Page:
Rattlesnakes are distributed across the United States and are a scary sight for most human beings. However, snakes often avoid interaction with humans as we are not their intended prey. Snakes will often only strike for two primary reasons: 1) to subdue prey before eating and 2) to defend themselves. When it comes to the choice to fight or flee, a snake would much rather slither away. However, if a rattlesnake senses that your presence is an imminent threat, it may take a defensive stance. By learning a few simple facts about how far rattlesnakes can strike, plus more about their bite, behavior and areas of activity, you can help to avoid becoming a victim.
Rattlesnake Striking Distance
How close is too close to a rattlesnake with respect to strike distance? The answer depends, in part, on the length of the snake. In most cases, a snake can strike up to a distance between 1/3 to 1/2 of its body length. For example, if the snake is four feet in length, its strike can likely reach no more than two feet.
When rattlesnakes feel threatened, they will rattle their tails to make noise. This is an indication that they are willing to defend themselves. Rattlesnakes generally coil tightly before striking, as this protective position provides the best platform for which to launch a strike. If a snake is threatened, it will attack with its fangs exposed, ready to bite. Despite its name, don’t expect a rattlesnake to always rattle its tail in warning. If a snake is observed, it is best to move away from the area.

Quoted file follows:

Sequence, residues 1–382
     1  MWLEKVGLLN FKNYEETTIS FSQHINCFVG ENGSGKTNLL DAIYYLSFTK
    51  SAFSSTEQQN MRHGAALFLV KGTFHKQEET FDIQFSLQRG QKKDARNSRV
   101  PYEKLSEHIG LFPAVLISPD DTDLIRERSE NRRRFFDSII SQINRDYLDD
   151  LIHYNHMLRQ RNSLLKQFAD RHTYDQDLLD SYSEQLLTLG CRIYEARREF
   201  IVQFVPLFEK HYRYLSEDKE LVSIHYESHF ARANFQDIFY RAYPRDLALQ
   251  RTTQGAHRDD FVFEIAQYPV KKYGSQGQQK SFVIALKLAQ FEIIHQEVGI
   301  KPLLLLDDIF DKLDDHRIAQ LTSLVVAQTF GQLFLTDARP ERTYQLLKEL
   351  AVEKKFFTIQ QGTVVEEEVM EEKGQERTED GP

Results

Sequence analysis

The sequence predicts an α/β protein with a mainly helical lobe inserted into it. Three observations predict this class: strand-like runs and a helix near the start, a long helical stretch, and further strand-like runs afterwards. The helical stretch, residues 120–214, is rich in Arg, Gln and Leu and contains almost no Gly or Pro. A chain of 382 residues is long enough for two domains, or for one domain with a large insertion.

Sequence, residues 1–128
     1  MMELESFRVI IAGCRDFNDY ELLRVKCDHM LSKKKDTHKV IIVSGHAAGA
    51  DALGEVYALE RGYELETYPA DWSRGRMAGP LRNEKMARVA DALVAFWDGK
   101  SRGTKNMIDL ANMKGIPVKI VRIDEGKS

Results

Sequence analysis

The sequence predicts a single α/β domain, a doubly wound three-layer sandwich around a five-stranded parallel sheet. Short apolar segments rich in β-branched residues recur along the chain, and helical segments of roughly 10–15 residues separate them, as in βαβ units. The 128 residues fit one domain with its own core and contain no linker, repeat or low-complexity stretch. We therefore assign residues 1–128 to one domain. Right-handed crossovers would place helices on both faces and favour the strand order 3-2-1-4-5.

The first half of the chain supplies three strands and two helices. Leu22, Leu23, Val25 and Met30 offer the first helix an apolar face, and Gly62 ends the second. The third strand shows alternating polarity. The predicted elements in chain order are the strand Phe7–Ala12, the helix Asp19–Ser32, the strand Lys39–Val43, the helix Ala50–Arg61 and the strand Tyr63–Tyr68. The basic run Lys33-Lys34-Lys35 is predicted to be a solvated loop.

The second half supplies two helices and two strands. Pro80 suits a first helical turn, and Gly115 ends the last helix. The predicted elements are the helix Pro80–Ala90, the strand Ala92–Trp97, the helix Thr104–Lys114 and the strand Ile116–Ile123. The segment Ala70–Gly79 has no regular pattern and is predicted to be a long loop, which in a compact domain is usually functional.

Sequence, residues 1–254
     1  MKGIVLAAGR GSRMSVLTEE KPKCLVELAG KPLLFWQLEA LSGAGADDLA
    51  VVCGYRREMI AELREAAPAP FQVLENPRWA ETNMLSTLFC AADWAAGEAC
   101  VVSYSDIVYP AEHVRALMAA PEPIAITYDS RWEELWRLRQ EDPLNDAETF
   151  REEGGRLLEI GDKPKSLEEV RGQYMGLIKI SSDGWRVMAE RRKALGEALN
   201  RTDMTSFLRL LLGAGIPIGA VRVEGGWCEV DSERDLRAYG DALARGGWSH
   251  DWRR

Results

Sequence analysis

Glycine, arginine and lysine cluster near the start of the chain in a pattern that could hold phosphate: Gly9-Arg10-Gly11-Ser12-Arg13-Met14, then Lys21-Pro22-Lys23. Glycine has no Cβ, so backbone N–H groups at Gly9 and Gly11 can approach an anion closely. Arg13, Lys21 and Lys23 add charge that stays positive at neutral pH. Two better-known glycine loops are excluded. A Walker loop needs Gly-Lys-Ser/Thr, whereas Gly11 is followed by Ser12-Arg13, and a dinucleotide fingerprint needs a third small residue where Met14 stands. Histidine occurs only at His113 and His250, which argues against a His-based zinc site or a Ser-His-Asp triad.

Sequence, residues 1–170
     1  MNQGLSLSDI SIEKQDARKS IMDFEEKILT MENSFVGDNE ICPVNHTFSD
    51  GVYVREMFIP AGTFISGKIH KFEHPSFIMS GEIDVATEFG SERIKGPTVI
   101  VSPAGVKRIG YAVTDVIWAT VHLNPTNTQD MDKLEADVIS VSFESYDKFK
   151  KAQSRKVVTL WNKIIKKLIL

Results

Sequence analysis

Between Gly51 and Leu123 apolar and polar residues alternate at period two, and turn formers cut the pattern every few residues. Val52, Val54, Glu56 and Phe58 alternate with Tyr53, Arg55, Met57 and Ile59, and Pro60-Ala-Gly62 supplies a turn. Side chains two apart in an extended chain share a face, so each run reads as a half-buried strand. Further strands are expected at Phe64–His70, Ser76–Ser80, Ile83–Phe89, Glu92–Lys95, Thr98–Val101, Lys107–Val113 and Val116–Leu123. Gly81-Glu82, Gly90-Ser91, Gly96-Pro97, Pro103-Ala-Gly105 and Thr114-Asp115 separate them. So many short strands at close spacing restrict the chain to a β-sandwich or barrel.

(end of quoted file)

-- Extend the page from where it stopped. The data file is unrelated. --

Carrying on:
How Far Can a Rattlesnake Jump?
Snakes cannot jump, but instead lunge forward from a coiled position at an accelerated speed. As a snake launches itself, it may appear as though the snake is jumping. One study at The University of Louisiana, Lafayette, found that rattlesnakes were the fastest striking among venomous snakes. The study revealed that rattlesnakes can lunge forward half of a foot in only 70 milliseconds, which is faster than the blink of an eye. Snakes must strike quickly to catch fast-moving prey, including small rodents and birds.
Facts About Snake Bites
While there may not be enough time to avoid a striking rattlesnake, there is a chance you may not be injected with venom. In another study at Loma Linda University, researchers examined how much venom is released by rattlesnakes during striking. The results showed that, in some cases, rattlesnakes can control how much venom they inject. It was reported that 10% of defensive bites administered by rattlesnakes striking at laboratory models of human limbs did not expel venom. A reason for this may be that some snakes save their venom for predatory bites versus defensive strikes and this is especially evident in snakes that are hungry. The study also found that larger snakes generally release more venom than smaller snakes. As a general rule, if you see a rattlesnake or other type of snake, leave the area to avoid potential interaction. If you do get bitten by a rattlesnake, it is imperative that you seek medical attention as soon as possible.